Do you prepare for each competition with varying mental and physical fitness or is there constant?
I have a predominantly constant physical and mental preparation for every competition. Physically, I try to work out at least three times a week depending on my travel and riding schedule. Additionally, before I compete in big classes, I have a certain mental preparation routine. I like to walk away by myself, listen to music on my iPod, and visualize in my mind the way I am going to ride the course.
Is there ever a mixed-gender competition or is it always an all-female or all-male event?
Every competition is mixed-gender, one of the few sports in which men and women compete on even terms.
Besides your profession, are there other ways you use horses?
These days, I suppose that horses are mostly just used for different disciplines of riding, such as my sport of showjumping. However, the retired horses and ponies at my farm in Sussex seem more like pets now than athletes!
Do you find that each horse is distinctively different in character and personality?
Absolutely. Horses differ in their character and personality! Just as with people, you will find an array of personalities. For example, my two mares are clearly more sensitive and sweet in the ring and out—they require less leg in the competitions and are very sensitive and responsive to your aids. In addition, my girls are very quiet, yet friendly and sweet on the ground. However, I have one gelding (male) that requires more aggressive aids in the ring and loves to go fast. Similarly, on the ground he is cocky and has quite an attitude. He knows exactly how good he is at what he does.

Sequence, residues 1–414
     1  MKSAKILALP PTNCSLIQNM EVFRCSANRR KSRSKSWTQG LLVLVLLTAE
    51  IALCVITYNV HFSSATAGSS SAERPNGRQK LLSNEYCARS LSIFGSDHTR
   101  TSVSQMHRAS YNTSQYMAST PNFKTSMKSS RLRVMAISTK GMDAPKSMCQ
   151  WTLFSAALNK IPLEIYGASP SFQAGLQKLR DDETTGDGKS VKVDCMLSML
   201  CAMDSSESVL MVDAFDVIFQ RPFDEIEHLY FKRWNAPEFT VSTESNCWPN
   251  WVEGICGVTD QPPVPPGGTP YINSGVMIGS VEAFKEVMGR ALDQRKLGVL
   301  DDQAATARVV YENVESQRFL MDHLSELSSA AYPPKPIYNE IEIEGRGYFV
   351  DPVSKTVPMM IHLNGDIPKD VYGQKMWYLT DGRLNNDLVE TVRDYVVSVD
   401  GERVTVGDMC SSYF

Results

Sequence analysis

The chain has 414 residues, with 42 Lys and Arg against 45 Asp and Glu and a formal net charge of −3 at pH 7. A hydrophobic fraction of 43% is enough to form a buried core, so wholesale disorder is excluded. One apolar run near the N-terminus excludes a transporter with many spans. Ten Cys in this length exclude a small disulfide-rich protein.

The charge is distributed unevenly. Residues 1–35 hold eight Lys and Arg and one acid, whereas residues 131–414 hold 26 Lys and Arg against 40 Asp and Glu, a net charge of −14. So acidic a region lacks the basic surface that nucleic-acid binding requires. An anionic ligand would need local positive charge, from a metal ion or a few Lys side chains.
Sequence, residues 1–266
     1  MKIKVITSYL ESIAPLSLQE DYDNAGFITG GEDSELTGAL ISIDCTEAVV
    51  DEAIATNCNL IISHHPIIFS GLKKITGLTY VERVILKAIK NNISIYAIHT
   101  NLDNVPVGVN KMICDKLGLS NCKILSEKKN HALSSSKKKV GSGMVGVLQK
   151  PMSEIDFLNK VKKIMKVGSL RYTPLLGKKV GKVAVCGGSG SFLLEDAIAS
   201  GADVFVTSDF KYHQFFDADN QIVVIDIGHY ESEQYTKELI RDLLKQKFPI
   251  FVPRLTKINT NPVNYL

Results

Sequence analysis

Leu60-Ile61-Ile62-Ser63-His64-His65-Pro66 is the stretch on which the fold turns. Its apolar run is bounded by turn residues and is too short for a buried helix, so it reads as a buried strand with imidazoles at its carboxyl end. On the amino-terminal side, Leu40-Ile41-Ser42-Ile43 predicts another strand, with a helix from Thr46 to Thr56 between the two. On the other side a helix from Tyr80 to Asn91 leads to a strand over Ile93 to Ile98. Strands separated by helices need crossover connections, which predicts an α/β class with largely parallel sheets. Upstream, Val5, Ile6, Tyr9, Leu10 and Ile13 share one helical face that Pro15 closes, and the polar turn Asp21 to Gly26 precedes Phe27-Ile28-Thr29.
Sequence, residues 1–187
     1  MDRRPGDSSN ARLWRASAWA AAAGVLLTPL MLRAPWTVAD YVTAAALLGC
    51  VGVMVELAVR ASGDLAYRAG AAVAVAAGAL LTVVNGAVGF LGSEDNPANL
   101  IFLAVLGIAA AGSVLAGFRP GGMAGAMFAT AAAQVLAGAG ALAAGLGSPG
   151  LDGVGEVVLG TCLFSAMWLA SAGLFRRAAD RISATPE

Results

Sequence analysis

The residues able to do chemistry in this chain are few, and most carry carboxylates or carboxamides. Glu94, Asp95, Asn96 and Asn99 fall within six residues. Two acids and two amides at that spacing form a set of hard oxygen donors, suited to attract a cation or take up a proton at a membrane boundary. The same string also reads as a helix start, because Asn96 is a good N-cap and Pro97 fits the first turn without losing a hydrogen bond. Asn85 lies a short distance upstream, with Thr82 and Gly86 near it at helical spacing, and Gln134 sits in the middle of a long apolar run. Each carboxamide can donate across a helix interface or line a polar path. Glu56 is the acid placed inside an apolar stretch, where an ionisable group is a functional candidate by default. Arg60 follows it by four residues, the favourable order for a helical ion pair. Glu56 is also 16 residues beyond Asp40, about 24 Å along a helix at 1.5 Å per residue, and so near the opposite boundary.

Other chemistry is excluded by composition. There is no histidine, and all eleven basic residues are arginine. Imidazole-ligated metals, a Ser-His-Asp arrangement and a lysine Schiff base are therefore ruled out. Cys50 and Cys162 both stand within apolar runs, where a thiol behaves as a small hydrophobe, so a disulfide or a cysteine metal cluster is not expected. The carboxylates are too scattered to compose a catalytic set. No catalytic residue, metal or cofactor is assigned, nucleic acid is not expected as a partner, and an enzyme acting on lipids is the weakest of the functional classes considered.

What is it like to have won ten Grand Prix, to have competed and won in Europe your first time there, beaten Olympic Medalists, and represented the United States in competition in your first year at this level? Where do you go from there?
I have been very fortunate early in my career to have had the opportunity to compete against and learn from the best riders in the world. Nearly all of the top riders have been so very generous in helping me to improve my skills and understanding of the sport. Getting a taste of international competition has ignited even more of a passion in me to work harder, ride better, and hopefully represent the country again soon in the future. I’m proud of my career so far, but I also realize how much I still have to learn, how much more work I have to do to get where I want to be. International competition has opened my eyes to what will be required of me to push myself to the next level.
Of all the venues you have competed in, which is your favorite?
My favorite venues have been in Falsterbo, Sweden and Dublin, Ireland. The rings are beautiful grass fields filled with elaborate jumps. But even more than that was the atmosphere of the crowds. When I won the Swedbank Derby in Sweden, the crowds were roaring and the music was blaring as I galloped around the ring. They were cheering me on as if I were a native of Falsterbo. Similarly, 30,000 Irish spectators cheered as I cleared the last jump in the Nations Cup competition, and they didn’t care that I was an American competing against their team. Those were two of the best moments and feelings of my life.
Besides horses, you are concurrently studying government at Harvard University. How do you balance your schedule?
I have been very lucky to be able to manage a schedule that accommodates both riding and my studies. I schedule the bulk of my class load on Mondays through Wednesdays, during which I stay on campus at Harvard. However, if there are classes that end up on Thursdays, I choose classes whose lectures are video-taped and posted on-line. This works well in that I can watch the lectures on the road at the competitions and miss very little class. I truly do love both college and showjumping, so making my schedule work through long hours and more hard work is worth it at the end of the day.